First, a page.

as self-defence or provocation or insanity. In the
present case the accused has not raised any such defences. His
defence is that
he never made such admissions. I carefully observed
P.W.3 Raseotsana Raseotsana and Chieftainess 'Mats'oeu Letsie when
in the witness box and they struck me as being honest and
reliable people who intended to tell the court the truth. The
made no such impression.
The next important issue is whether the statement was
and voluntarily made. P.W.3 said that when he found the
accused in a vehicle with Mokiza and others he asked him why he was
Accused said that he had killed his two sisters and
Mpho's child. P.W.3 asked him, "Are you the one who killed
said "Yes." P.W.3 further said that the
accused had not been assaulted before he made the admission. I have
no doubt that
the accused is not telling the truth that P.W.3 hit him
with a stick on the head. The police did not see any injury on his
did he report to them that he had been assaulted.
Chieftainess 'Mats'oeu Letsie said that when she came to
the vehicle the accused was sitting in it. When she looked at him he
crying. He said it was because he had killed his sisters and
Rethabile. She said that at that time the accused did not have any
It seems to me that the discovery of the hammer (Exhibit
"1") in the house was of no important significance. The
used to be kept in the same house long before the deceased
were killed. I do not think that the court must rely on its discovery
as the pointing out as contemplated by section 229 (2) of the
Criminal Procedure and Evidence Act 1981.
Taking into account all the circumstances of this case I
have come to the conclusion that the only reasonable inference to be
from the proved facts is that the accused killed the two
deceased persons in the counts against him. Judging from the extent
injuries and brutal way in which the deceased were
killed I have no hesitation to hold than this is a
proper case of dolus directus.
For the reasons stated above I have come to the
conclusion that the Crown has proved its case beyond a reasonable
doubt. I find the
accused guilty of the murders of Mpho Raseotsana
(Count I) and Mpae Raseotsana (Count 2).
J.L. Kheola CHIEF JUSTICE
30th October, 1995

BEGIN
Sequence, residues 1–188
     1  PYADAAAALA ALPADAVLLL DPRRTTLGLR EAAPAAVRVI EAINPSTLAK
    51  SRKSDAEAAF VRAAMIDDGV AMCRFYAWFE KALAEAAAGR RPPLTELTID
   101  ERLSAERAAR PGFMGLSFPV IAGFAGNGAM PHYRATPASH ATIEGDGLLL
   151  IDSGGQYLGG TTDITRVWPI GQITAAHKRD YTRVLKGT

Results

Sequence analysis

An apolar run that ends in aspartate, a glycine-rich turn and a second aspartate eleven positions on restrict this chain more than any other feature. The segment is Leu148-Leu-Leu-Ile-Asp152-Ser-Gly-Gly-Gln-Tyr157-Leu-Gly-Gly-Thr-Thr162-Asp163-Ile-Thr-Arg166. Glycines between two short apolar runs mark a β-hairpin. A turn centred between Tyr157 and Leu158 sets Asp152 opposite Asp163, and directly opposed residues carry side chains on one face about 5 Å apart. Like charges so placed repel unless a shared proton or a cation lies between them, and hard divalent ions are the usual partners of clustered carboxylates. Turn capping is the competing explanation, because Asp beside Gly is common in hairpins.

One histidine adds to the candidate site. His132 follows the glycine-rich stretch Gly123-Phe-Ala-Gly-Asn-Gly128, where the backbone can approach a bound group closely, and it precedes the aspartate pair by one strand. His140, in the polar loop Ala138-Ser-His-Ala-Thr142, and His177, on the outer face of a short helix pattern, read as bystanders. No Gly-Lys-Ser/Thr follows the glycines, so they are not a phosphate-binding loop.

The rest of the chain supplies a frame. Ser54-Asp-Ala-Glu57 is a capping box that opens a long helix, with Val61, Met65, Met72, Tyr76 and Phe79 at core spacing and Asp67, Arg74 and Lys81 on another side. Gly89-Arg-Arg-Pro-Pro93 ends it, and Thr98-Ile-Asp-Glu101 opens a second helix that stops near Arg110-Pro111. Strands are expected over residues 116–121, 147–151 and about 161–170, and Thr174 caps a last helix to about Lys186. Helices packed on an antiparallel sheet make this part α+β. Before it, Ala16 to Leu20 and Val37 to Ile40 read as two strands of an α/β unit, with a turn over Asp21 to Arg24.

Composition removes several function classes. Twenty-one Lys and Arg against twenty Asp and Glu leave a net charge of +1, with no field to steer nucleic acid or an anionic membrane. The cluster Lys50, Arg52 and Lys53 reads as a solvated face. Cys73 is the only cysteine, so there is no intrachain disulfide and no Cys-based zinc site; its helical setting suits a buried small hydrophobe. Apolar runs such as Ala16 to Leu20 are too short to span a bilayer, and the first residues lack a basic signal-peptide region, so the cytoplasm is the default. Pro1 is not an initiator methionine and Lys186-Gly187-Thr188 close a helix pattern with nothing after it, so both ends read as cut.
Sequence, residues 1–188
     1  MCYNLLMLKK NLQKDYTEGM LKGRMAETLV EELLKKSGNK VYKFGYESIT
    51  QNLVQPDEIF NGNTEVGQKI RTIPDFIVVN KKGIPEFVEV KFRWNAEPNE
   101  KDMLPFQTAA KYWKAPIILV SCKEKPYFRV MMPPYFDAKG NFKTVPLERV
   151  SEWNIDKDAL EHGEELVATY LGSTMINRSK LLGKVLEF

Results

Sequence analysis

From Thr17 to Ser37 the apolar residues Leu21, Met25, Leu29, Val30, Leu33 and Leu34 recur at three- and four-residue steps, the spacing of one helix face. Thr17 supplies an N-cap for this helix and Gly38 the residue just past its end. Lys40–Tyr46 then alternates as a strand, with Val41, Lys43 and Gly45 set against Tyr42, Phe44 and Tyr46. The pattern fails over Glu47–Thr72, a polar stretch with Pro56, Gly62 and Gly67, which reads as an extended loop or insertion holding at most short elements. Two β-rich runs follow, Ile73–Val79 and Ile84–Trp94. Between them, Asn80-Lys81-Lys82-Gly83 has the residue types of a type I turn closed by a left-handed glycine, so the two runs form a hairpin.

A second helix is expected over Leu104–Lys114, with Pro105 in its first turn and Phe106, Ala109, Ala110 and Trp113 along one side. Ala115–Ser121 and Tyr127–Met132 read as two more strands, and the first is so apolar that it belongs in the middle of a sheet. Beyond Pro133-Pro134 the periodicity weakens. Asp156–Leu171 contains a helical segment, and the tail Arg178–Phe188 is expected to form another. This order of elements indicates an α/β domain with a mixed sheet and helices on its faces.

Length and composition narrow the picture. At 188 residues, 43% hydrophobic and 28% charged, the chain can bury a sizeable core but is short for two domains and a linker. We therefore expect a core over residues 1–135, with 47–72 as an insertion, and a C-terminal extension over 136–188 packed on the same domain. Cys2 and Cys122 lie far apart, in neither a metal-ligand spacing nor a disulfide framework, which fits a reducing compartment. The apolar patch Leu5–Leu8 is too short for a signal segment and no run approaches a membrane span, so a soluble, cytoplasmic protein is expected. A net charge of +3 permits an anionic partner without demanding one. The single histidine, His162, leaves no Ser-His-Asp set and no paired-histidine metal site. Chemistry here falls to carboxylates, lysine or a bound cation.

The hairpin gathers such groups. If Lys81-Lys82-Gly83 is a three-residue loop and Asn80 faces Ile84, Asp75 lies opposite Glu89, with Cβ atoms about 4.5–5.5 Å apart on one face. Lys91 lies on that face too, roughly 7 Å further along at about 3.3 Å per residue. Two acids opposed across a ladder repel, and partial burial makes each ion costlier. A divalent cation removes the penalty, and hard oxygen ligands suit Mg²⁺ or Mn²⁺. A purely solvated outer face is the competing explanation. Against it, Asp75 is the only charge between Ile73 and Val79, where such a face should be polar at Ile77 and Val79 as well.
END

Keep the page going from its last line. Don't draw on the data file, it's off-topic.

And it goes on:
Section 296 (1), (2) and (3) of the Criminal Procedure
and Evidence Act 1981 read as follows:
Where the High Court convicts a person ofmurder,
it shall state whether in itsopinion there are any
extenuatingcircumstances and if it is of the opinionthat
there are such circumstances, it mayspecify them.
In deciding whether or not there are anyextenuating
circumstances, the High Courtshall take into consideration the
standardsof behaviour of an ordinary person of theclass of
the community to which the accused
(3) Failure to comply with the requirements of
sub-section (1) shall not affect the validity of the verdict or any
as a result thereof.
The accused was born in the rural area of Lesotho and he
grew up in that area. He attended school until he reached the
but did not complete his Junior Certificate. Like
the community to which he belongs the accused is not a sophisticated
was the elder brother of his late sisters and regarded
himself as not only the heir but also a person who was a caretaker of
sisters in the absence of his mother. It must have appeared to be
a demotion in status in his family when Mpho was made to manage
financial aspects of the family. He now had to beg for money from
her. A request which was refused by Mpho.
The accused must have felt that he was being insulted by
the behaviour of his mother. The quarrels and fights which he had
sisters had been going on for a long time. In South African
Criminal Law and Procedure, Vol. II by Hunt, Revised 2nd edition by
at p.p. 381 - 382 the learned authors say:
"It is clear that provocation short of what is
required to negative guilt may constitute an extenuating
X's emotional instability may be such, as a
result of a series of events spread over a long period of time and
not strictly amounting
to 'provocation', as to amount to an
extenuating circumstance. In R v Von Zell, for instance, one of the
specified by the Appellate Division was:
the strains and stresses to which appellant was
subjected because of his relations with his wife and daughter,
because of his wife's
desertion and because of the legal proceedings
which she instituted against him.'"
I have also considered the question of youthfulness. At
the time of the commission of the offence the accused was already 21
of age. It has been held that youthfulness may itself amount to
an extenuating circumstance (S. v.Manyathi 1967 (1) S.A. 435 (A.D.)
at pp. 438 - 439) . It is trite law that youthfulness applies to
persons of 18 years of age or more. I am of the view that the accused
was still immature and lacked experience of life. I do not think that
he acted from inherent wickedness. He was under emotional stress
because of the fights with his sisters that have been going on for a
I have come to the conclusion that the cumulative
effects of the points I have stated above is that there are
In mitigation of sentence I took into account that
The accused is a first offender.
He has been in custody awaiting trial fornearly
Sentence: Count 1 : Twelve (12) years' imprisonment.
Count 2 : Twelve (12) years' imprisonment. Sentences shall run